Ayr skipper Pete McCallum channelled the spirit of the late, great baseballer and comic philosopher Yogi Berra when he said his dramatic late yellow card was like “déjà vu all over again”.
He was beaming with delight after his side had won the BT Premiership final with a narrow victory over Melrose at The Greenyards on Saturday but admitted his mood was starkly different in the fraught moments after referee Mike Adamson flashed the card for collapsing a maul when Ayr were hanging on grimly on their own line to a four-point lead.
In last year’s final at Millbrae, Ayr were in a similar position and McCallum was also sin-binned at the death but on that occasion a penalty try was also awarded and Heriot’s snatched the title. This time it was just a penalty kick to the corner, visiting lock Scott Sutherland made a heroic lineout steal and Ayr were champions for the third time in their history.
“I couldn’t quite believe it – it was déjà vu all over again – I was just about in tears on the sideline,” said McCallum of that moment which, at the time, looked like it might be a fatal one that heaped yet more last-gasp agonies on Calum Forrester’s side.
“I didn’t actually see it when Queenie [Scott Sutherland] got up there and stole that lineout. But the guys did brilliantly to hold on to it under pressure.
“What a team, to come back in that fashion. Melrose, credit to them, put us under some pressure at the end – they were relentless. Throughout the second half they cranked it up a notch and we were just holding out and holding out, and trying to take our opportunities when we got them. There’s a few things for us to work on next week, but we’ll do that and then see what we can do.”
“Next week” referred to a rematch between these two stand-out club sides in Saturday’s BT Cup final at Murrayfield, which will hopefully come with the same drama but perhaps a bit more in the way of entertaining rugby.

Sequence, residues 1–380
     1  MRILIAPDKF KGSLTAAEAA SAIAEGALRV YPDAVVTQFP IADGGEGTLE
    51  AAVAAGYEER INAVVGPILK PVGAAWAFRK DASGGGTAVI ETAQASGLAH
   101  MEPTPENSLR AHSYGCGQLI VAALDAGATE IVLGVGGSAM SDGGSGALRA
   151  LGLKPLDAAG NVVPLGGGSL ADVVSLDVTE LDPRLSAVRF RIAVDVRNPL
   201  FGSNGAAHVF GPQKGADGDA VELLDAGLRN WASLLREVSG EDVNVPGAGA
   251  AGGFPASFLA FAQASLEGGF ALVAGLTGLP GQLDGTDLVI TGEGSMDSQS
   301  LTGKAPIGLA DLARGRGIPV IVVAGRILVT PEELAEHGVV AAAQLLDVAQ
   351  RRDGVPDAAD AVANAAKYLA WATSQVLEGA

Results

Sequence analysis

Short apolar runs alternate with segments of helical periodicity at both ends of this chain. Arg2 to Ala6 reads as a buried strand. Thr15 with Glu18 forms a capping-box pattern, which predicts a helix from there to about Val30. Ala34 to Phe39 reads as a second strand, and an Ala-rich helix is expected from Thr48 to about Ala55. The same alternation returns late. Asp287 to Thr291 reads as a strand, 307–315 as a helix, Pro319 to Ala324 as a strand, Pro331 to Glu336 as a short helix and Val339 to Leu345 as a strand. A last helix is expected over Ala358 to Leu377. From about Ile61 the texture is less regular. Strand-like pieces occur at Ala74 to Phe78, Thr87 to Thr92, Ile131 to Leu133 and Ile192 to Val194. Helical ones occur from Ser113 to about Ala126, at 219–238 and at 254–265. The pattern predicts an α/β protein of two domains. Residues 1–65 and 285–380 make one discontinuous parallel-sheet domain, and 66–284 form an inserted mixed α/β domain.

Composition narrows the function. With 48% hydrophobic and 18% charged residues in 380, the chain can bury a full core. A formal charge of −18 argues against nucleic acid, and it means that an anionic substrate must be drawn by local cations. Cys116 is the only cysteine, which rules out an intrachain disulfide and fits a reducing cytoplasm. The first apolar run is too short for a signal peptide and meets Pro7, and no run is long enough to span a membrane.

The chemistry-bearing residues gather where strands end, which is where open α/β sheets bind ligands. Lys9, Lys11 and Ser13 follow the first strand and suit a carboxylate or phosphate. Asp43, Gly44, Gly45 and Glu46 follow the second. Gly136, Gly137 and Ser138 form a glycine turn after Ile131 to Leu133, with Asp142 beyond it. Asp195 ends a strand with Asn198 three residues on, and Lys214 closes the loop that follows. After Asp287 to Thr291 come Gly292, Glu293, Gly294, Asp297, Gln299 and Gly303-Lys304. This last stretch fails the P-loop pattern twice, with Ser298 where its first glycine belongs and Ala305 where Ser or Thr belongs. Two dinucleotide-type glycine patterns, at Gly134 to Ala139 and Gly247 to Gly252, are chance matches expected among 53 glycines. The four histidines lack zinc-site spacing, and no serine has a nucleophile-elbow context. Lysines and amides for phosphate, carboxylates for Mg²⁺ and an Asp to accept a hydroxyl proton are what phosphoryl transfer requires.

The Greenyards showdown, with Melrose having home advantage for topping the regular season standings, was a bit of a dour affair, although never less than compelling. Ayr won it through four penalties from stand-off Frazier Climo after they had carved out a 9-3 half-time lead.
Melrose scored the only try of the afternoon as Ruaridh Knott, pictured, powered over in the second half to add to Jason Baggott’s first-period penalty. The home side looked poised to break Ayr hearts as they camped out in the right-hand stand-side corner in the closing stages but it was not to be.
McCallum grinned when asked if he was guilty as charged in that maul collapse. “It was going down and I didn’t stop it as much as I could have. It wasn’t me who initiated it but he saw it differently. I was probably more guilty than I was last year,” was the No 8’s assessment of the incident.
The Ayr skipper conceded it wasn’t a classic but, as he looked down at the league winner’s medal around his neck, didn’t seem overly bothered by that.
“Finals sometimes get like that because, when there is so much at stake, nobody wants to be the first to make a mistake,” he said. “But in the second half I couldn’t quite believe it when I spoke to the ref and he said there were only ten minutes left – I thought he was going to say more like 25 minutes.
“It was a very fast game. There weren’t many lineouts apart from penalties, the ball was getting in play for long periods, so the lungs were pretty done by the end of the first half, but we came out, dug deep and came away with the goods.”
There was a bit of déjà vu for beaten Melrose coach Rob Chrystie, too, as he reflected that his side’s only other two defeats all season, at home to Heriot’s and away to Ayr, had finished in similar fashion with the Borderers pounding the line but failing to get over.
While naturally disappointed, Chrystie was gracious in his praise for the victors and will now look to lift his charges for a revenge mission in this weekend’s cup final.
“Aye, pretty close. We had our chance,” said the Melrose coach. “We had quite a few chances – we just didn’t take them.
“We said before the game it was going to come down to small margins and that’s exactly what it was.
“To be fair to Ayr, I thought they came down with a pretty good plan. They dominated the breakdown, in the first half especially, and kind of controlled the game as a result of that in that first half.
“But look, once we got playing, we showed what we were about and we showed that we could definitely get in amongst it and create opportunities. But credit to Ayr and well done to them.”